Basic Understandings of Coronavirus Disease 2019
Basic Understandings of Coronavirus Disease 2019- CORONAVIRUS DISEASE 2019 (COVID-19) is an infectious disease caused by severe acute respiratory syndrome coronavirus 2 (SARS-CoV-2).The disease was first identified in December 2019 in Wuhan, the capital of China’s Hubei province, and has since spread globally, resulting in the coronavirus pandemic.Read More
The World Health Organization (WHO) declared the coronavirus outbreak a Public Health Emergency of International Concern (PHEIC) on 30 January 2020 and a pandemic on 11 March 2020.
The virus is most contagious when people are symptomatic. While it is not entirely clear how easily the disease spreads, one person generally infects two to three others.
The virus survives for hours to days on surfaces. Specifically, the virus was found to be detectable for one day on cardboard, for up to three days on plastic and stainless steel and for up to four hours on 99% copper. This, however, varies based on the humidity and temperature.
Surfaces may be decontaminated with a number of solutions. Soap and detergent are also effective if correctly used.
COVID-19 virus is primarily transmitted between people droplet transmission which occurs when a person is in close contact (within 1 m) with someone who has respiratory symptoms (e.g., coughing or sneezing) and is therefore at risk of having his/her mucosae (mouth and nose) or conjunctiva (eyes) exposed to potentially infective respiratory droplets.
STAGES OF TRANSMISSION:
Stage 1: First appearance of the disease
It is the phase when the disease is just introduced, and positive cases begin to emerge for the very first time. The appearance of the disease is restricted to people with travel histories to the infected areas.
Stage 2: Local transmission
This stage is when the local transmission starts to develop. The virus spreads locally, through an individual who either has a travel history, or the one who has come in direct contact with an already infected person. This stage typically sees an infected person pass the virus onto his/her family, friends, neighbours, and people who tend to be in his/her close vicinity and locality. The virus transmission in this stage can be monitored by contact tracing, isolating people with symptoms, strict screening measures, social distancing, and lockdown efforts.
Stage 3: Community transmission
This is the stage where the community transmission starts to occur, making it difficult to trace the source of the infection spread. The infections are typically passed on in public. Moreover, individuals who don’t have a travel history to any infected ‘hotspots’, or who have had no known contact with any foreign source-person, also start to test positive. Once community transmission begins, it becomes difficult to stop the chain of transmission. As the disease pops-up in random individuals in a community, contact tracing and isolation becomes impossible and large-scale lockdowns become extremely important.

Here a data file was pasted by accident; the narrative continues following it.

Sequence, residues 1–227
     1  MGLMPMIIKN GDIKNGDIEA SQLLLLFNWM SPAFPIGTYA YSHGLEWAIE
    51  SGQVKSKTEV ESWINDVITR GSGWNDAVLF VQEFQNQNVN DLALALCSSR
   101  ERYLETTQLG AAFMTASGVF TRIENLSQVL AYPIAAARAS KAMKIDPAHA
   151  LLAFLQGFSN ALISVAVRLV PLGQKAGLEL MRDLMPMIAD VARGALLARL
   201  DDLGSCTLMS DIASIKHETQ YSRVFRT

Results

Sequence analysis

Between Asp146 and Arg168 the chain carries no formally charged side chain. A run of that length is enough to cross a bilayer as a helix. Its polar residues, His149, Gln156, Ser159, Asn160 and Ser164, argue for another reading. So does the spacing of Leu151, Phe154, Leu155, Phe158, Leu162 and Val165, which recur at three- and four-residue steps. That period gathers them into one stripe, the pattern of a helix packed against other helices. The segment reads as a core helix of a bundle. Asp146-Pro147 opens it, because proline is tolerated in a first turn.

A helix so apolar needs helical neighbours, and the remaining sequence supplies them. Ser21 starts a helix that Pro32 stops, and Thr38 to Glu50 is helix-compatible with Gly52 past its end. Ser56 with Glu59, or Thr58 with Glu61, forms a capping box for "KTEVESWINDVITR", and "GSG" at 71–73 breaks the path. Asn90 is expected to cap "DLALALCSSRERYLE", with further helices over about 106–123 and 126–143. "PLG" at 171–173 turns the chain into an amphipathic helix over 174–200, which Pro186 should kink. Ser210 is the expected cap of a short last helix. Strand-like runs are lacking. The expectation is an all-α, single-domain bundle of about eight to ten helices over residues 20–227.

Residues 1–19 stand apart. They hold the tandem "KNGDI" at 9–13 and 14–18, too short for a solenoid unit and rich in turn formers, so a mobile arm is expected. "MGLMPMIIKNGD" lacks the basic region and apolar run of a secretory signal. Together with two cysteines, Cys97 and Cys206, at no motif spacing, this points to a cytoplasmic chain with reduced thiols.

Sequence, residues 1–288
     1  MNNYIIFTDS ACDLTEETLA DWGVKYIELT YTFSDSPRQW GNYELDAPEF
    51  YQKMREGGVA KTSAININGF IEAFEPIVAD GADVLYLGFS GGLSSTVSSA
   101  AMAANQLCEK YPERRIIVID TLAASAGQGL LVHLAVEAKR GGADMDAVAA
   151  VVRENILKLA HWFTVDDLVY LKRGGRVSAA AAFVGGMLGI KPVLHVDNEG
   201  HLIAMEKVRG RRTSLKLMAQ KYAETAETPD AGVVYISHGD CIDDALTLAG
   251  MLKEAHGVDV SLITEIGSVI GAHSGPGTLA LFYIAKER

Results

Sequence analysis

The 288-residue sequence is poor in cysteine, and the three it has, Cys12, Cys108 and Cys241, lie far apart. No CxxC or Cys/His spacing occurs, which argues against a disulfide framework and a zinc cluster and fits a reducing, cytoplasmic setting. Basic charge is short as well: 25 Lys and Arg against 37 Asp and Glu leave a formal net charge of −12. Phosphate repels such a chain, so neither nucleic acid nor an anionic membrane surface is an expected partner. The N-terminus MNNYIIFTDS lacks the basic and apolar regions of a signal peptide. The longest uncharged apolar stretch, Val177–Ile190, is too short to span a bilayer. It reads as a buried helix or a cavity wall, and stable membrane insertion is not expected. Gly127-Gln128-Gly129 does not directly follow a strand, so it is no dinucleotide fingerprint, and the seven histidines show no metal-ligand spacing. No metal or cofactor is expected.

Stage 4: Widespread outbreak
In this fourth and final stage of transmission, there is a widespread outbreak—an epidemic—as the number of cases and deaths begin rapidly multiplying. In this stage, the disease becomes endemic, i.e. native to the population.
SIGNS AND SYMPTOMS:
Those infected with the virus may be asymptomatic or develop flu-like symptoms, including fever, cough, fatigue, and shortness of breath.
Emergency symptoms include difficulty breathing, persistent chest pain or pressure, confusion, difficulty waking and bluish face or lips; immediate medical attention is advised if these symptoms are present In some, the disease may progress to pneumonia, multi-organ failure and death.
As is common with infections, there is a delay between the moment when a person is infected with the virus and the time when they develop symptoms. This is called the incubation period. The incubation period for COVID-19 is typically five to six days but may range from two to 14 days.
The WHO has published several testing protocols for the disease. The standard method of testing is real-time reverse transcription polymerase chain reaction (rRT-PCR). The test is typically done on respiratory samples. Results are generally available within a few hours to two days. Blood tests can be used, but these require two blood samples taken two weeks apart and the results have little immediate value.
There is another, more common type of rapid diagnostic test marketed for COVID-19- antibody test, a test that detects the presence of antibodies in the blood of people believed to have been infected with COVID-19. Antibodies are produced over days to weeks after infection with the virus.
Along with laboratory testing, chest CT scans may be helpful to diagnose COVID-19 in individuals with a high clinical suspicion of infection but is not recommended for routine screening.
These simple test kits are based either on detection of proteins from the COVID-19 virus in respiratory samples (e.g. sputum, throat swab) or detection, in blood or serum, of human antibodies generated in response to infection.
Social distancing is the best way to prevent the spread of infection i.e to avoid or limit contact with people who are showing symptoms of COVID-19 or any respiratory infection.
The next best thing you can do is practice good hygiene to prevent bacteria and viruses from spreading. Moreover, wearing cloth masks can help to slow the spread of coronavirus.
“Life imposes things on you that you can’t control, but you still have the choice of how you’re going to live through this.”
Note : This is just a basic understanding of the virus for awareness purpose , for more information and medical advise please contact concerned authority in our country. We recommend to follow government advisory in this regard. Browse Online Pharmacy , Health & Beauty